I’m not going to claim it’s impossible for anything to happen – that’d be a foolish claim. I am, however, very satisfied with the risks and trade-offs.

Let’s face it, even doing business off-line has risks and trade-offs.

This is an update to an article originally posted : June 6, 2012
  • LastPass – Securely keep track of multiple passwords on multiple devices One of the problems with current online safety advice is keeping track of multiple different secure passwords. LastPass not only does that, but does it across multiple devices and very securely.
  • RoboForm Password Manager and more With lots of accounts on the web, good security says their passwords should all be unique. Your computer can remember them for you with RoboForm.
  • Managing Lots of Passwords Managing multiple strong passwords can be a pain. I’ll discuss a couple of alternatives, including Roboform and LastPass.
  • Has LastPass had a security breach? I recommend LastPass because of their transparency and security model: even LastPass cannot recover your login!
  • How do I choose a good password? Password security has never been more important. With occasional security breaches at service providers and rampant email account theft you need to do everything you can to make sure you’re choosing and using secure passwords.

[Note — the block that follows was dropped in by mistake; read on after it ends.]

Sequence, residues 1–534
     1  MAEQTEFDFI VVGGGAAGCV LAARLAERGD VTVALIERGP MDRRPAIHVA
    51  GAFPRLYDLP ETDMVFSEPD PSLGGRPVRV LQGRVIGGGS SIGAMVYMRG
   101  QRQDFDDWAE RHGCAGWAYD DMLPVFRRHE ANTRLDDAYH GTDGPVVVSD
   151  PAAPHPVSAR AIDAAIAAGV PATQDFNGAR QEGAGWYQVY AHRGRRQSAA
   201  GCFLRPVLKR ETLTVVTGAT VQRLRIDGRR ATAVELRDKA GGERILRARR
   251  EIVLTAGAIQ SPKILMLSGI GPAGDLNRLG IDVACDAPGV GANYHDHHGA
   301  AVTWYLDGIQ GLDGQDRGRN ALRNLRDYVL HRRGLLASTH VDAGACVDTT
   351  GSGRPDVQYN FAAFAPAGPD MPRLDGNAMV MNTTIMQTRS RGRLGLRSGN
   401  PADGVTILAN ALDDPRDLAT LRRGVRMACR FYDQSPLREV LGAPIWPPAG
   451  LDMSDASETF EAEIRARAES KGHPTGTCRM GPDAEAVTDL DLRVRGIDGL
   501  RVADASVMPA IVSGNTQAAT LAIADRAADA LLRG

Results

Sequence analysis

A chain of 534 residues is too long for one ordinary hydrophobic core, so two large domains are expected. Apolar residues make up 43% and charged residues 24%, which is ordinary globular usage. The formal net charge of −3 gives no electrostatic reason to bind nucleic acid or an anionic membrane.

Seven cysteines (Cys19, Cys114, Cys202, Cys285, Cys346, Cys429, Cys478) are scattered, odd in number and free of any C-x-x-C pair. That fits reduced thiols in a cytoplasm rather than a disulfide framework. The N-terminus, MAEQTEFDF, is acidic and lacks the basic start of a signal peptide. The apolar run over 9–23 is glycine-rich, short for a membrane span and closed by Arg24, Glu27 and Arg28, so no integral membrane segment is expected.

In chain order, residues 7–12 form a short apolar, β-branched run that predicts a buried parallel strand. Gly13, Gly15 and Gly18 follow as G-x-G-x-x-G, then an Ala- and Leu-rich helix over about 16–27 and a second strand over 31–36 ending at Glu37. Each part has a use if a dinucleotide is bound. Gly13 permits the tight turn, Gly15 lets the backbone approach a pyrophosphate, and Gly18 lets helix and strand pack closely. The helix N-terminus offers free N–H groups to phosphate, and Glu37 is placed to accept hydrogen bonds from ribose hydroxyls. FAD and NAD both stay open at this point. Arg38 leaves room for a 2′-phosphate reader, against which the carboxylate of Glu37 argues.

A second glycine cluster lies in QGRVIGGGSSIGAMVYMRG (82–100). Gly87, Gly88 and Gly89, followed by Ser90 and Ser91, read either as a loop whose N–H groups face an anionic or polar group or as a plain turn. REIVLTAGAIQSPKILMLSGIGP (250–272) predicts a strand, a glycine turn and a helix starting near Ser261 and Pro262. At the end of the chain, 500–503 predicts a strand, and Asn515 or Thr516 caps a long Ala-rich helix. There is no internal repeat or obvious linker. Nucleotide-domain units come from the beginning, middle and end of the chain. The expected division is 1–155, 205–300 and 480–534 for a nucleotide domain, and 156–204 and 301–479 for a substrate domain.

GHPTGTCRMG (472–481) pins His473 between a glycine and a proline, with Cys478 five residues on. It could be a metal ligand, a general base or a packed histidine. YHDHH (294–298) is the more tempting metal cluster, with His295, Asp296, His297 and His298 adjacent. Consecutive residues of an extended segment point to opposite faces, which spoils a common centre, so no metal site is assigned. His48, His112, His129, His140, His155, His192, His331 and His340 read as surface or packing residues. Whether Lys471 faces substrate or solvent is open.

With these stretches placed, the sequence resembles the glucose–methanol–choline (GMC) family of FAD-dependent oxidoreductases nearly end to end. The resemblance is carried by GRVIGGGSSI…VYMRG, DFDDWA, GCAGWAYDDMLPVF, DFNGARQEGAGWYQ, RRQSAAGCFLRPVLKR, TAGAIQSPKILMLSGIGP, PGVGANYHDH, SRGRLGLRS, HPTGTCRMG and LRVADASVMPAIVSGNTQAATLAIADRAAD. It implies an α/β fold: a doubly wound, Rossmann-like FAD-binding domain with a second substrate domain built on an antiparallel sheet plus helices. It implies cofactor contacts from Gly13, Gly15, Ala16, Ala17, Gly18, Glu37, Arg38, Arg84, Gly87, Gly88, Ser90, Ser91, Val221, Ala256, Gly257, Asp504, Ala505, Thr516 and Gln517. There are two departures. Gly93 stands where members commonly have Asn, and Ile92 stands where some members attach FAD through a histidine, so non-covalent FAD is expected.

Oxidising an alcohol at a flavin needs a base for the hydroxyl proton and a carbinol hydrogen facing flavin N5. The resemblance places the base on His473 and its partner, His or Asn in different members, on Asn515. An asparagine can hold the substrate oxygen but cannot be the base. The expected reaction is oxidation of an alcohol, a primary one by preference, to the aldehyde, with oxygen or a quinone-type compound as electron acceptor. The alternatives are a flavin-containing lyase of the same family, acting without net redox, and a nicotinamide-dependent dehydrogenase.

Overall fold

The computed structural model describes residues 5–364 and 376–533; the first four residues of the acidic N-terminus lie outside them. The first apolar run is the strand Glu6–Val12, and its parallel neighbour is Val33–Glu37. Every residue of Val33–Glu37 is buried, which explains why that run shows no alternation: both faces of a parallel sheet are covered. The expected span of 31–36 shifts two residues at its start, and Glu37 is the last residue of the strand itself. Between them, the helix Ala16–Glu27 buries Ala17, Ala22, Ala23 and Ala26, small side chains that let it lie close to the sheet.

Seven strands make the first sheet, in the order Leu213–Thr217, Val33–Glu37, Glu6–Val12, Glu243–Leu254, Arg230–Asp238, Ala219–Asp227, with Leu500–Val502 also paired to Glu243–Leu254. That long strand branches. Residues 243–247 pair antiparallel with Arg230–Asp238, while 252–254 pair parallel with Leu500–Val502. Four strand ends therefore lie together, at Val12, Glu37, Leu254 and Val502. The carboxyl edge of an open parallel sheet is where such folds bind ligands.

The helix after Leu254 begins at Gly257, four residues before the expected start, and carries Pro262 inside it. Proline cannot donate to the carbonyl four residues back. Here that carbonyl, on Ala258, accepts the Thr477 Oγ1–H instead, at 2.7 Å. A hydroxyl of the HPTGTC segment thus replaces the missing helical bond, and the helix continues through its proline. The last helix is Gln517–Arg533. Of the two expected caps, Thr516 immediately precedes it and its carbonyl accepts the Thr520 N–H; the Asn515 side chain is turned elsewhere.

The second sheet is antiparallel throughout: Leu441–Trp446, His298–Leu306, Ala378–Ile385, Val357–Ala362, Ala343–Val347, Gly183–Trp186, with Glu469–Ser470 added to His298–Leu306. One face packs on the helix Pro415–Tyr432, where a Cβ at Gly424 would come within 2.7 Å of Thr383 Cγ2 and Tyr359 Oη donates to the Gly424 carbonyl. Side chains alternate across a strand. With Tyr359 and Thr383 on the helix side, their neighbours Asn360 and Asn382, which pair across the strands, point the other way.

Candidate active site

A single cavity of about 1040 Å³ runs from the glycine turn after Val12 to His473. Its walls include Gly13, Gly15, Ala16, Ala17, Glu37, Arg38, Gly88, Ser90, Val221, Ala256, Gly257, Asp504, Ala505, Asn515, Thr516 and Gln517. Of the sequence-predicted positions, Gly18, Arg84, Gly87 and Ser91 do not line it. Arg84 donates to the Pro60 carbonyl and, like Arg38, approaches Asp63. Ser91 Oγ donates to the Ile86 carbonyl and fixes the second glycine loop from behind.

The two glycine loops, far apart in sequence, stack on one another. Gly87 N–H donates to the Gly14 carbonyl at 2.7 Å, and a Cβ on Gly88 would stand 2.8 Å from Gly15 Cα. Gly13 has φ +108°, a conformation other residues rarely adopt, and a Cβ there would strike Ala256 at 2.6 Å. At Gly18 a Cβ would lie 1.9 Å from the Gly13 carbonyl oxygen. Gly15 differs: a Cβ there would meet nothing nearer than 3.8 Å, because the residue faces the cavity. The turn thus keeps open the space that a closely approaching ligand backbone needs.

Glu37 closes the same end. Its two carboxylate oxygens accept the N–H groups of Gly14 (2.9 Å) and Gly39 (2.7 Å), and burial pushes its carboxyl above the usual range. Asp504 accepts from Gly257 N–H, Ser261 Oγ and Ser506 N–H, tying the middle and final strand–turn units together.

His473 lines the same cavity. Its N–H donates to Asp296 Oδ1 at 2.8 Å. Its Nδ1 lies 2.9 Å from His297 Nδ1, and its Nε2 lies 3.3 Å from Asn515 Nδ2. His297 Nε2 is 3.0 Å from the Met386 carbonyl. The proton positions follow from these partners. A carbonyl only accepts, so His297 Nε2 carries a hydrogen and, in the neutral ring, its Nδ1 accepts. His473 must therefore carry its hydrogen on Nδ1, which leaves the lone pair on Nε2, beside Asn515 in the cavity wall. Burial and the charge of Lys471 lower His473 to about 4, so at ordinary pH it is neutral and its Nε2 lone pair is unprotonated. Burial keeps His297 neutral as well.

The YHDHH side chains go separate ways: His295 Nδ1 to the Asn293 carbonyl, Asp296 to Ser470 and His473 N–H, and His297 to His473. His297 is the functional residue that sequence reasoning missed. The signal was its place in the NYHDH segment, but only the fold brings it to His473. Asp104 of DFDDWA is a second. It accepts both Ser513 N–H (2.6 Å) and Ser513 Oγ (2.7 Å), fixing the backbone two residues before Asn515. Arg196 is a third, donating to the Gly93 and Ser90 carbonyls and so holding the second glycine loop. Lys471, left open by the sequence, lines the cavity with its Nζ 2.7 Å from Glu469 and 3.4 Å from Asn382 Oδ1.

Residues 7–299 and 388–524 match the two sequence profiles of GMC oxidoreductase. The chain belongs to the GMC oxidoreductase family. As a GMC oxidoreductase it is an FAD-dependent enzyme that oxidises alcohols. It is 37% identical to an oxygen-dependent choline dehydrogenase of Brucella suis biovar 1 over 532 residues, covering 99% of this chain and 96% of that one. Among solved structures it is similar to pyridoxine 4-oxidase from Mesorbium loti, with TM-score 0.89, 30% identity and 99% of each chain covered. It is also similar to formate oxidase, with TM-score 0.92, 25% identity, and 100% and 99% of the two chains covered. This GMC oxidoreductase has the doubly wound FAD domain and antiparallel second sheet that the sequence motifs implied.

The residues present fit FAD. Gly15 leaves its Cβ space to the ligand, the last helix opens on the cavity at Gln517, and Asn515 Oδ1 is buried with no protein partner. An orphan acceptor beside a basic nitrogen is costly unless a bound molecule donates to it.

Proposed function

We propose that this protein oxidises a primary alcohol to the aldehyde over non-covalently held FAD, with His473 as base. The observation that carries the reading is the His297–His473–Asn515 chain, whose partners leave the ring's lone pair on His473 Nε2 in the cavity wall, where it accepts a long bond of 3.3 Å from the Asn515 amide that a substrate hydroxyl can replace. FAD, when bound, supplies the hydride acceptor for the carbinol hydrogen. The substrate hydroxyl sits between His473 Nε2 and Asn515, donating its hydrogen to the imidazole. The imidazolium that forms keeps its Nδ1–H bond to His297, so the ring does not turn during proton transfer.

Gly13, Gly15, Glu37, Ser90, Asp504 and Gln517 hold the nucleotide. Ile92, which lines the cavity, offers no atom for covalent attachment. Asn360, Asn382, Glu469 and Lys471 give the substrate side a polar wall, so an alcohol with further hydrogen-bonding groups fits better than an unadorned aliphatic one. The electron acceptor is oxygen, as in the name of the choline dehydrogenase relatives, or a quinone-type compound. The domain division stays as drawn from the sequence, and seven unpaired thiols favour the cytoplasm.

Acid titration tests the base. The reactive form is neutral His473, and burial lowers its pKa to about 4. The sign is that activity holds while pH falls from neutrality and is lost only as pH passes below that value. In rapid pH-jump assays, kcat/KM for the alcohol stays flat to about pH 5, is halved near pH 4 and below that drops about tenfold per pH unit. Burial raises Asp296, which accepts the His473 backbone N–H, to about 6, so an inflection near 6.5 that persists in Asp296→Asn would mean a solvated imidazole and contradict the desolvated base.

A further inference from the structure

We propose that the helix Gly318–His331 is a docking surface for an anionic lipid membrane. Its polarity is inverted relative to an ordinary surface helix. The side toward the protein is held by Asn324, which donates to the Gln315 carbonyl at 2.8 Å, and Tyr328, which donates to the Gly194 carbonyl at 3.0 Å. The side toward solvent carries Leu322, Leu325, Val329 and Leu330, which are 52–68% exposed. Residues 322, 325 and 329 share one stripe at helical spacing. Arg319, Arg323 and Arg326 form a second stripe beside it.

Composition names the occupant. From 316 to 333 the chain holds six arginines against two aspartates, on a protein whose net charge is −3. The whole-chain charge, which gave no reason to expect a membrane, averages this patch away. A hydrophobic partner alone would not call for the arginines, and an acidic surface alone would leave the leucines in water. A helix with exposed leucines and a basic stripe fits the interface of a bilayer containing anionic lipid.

• What’s a good password? Good passwords are hard to crack and hard to remember. As a result, many people don’t use really good passwords, even though they should. We’ll look at what makes a good password, and some ways to make them easier to remember.


  1. PC Resolver

    I totally agree! I used Roboform but I find LastPass to be superiour in many ways. Not least of which is that is easily available to me on any platform.
    I am so reliant on it that it now contains all the info required In Case of Emergency (ICE). My dependants have half the password each so that should anything happen to me they can gain access to my LastPass account in which they will see not only my passwords but instructions on how to deal with other matters.
    I highly recommend this. The free version of LastPass is all you really need but please consider supporting them by upgrading to the Pro version for $1 a month. I do.

    • Howard Miller

      Computers are supposed to be fast but when it comes to security, well, it comes first.
      I use an old program from PC Mag called Password Prompter. It stores your data encoded.
      I never let my browser “Remember Me”
      I can copy my User name and password from Prompter and paste them into the site page to log in.
      No passwords data is stored where it can be hacked easily. Takes a little more time but it’s worth it.
      You must log into Prompter to open it. It stores any special instructions or notes you care to remember for each site along with the site url.

  2. Dave Smithson

    I have used KeePass for the last few years – free, easy, convenient and safe. I can strongly recommend it.